Favorite Travel Quotes

"Travel is fatal to prejudice, bigotry, and narrow-mindedness, and many of our people need it sorely on these accounts."
-- Mark Twain
Innocents Abroad

"Stop worrying about the potholes in the road and celebrate the journey." -- Fitzhugh Mullan

"A good traveler has no fixed plans and is not intent on arriving." -- Lao Tzu

Civil War Gravesites Along the Natchez Trace

©Bert Gildart: It’s mid-April and as we continue our travels along the Natchez Trace we are overwhelmed by the splashes of dogwood now blooming. It’s everywhere, and the continuous glow of white makes driving a genuine pleasure rather than a chore. The 50-mile per hour speed zone posted along the entire Trace adds to the relaxed pace of travel, for most seem to obey the mandate.


Dogwoods backdrop Airstream along Natchez Trace

The many pullovers also facilitate driving ease and all are worth a stop. Consider the stop at Mile 268, created to commemorate 13 Confederate soldiers who mysteriously died along the Trace. How did they die? asks a sign posted by the Park Service along a portion of the Old Trace located near the first of the markers commemorating the unknown soldiers. Then, they sign provides thoughts about the mystery that will probably always remain a mystery.

Were they some of the wounded from Shiloh, who retreated here in 1862? Did they serve under the daring Nathan Forest who passed this way in 1864? Or where they guarding the headquarters at Tupelo of J.B. Hoods Army of Tennessee near the end of the Civil War?


We may never know continues the sign, adding that the 13 men might have died from any number of complications. The information panel continues on a note that is almost equally as sad. The original markers may have borne names, but they disappeared long ago. In 1940, Senator Theodore Bilbo arranged for marble headstones, but they were stolen. The National Park Service erected the headstones now in place.


The Natchez Trace harbors many mysteries and one is the demise of the 13 Confederates buried along the Trace

Though the dogwood certainly added poignancy to our drive, it was our stop at the markers that set the tone of our conversation for much of the day’s remainder. Foremost in our mind was the question of why here, so far from Shiloh and Tupelo. These men were wounded and we wondered how all 13 came to lie in this particular spot. Could they have been abandoned?  Could they have been murdered by Union soldiers as a form of retribution?

We had many questions, but were pleased to see that imitation flowers have been placed at each grave marker, a commemoration that has been implemented since we stopped here about 10 years ago. We hope the practice continues.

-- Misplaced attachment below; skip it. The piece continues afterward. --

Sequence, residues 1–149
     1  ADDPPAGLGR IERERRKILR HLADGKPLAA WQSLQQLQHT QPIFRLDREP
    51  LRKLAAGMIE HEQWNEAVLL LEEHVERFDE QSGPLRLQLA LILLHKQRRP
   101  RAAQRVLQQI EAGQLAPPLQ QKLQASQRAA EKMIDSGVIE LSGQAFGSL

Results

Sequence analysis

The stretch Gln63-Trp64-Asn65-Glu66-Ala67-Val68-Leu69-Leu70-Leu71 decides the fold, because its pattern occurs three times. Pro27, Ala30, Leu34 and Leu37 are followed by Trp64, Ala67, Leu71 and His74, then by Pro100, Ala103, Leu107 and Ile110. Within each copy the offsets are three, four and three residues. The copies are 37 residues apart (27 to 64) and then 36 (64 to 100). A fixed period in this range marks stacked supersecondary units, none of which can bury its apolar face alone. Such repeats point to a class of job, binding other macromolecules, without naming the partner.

*Alaska’s Denali National Park

4th ed. Autographed by the Authors

Hiking Shenandoah National Park

Hiking Shenandoah National Park is the 4th edition of a favorite guide book, created by Bert & Janie, a professional husband-wife journalism team. Lots of updates including more waterfall trails, updated descriptions of confusing trail junctions, and new color photographs. New text describes more of the park’s compelling natural history. Often the descriptions are personal as the Gildarts have hiked virtually every single park trail, sometimes repeatedly.

$18.95 + Autographed Copy

Big Sky Country is beautiful

Montana Icons: 50 Classic Symbols of the Treasure State

Montana Icons is a book for lovers of the western vista. Features photographs of fifty famous landmarks from what many call the “Last Best Place.” The book will make you feel homesick for Montana even if you already live here. Bert Gildart’s varied careers in Montana (Bus driver on an Indian reservation, a teacher, backcountry ranger, as well as a newspaper reporter, and photographer) have given him a special view of Montana, which he shares in this book. Share the view; click here.

$16.95 + Autographed Copy

What makes Glacier, Glacier?

Glacier Icons: 50 Classic Views of the Crown of the Continent

Glacier Icons: What makes Glacier Park so special? In this book you can discover the story behind fifty of this park’s most amazing features. With this entertaining collection of photos, anecdotes and little known facts, Bert Gildart will be your backcountry guide. A former Glacier backcountry ranger turned writer/photographer, his hundreds of stories and images have appeared in literally dozens of periodicals including Time/Life, Smithsonian, and Field & Stream. Take a look at Glacier Icons

$16.95 + Autographed Copy


Comments are closed.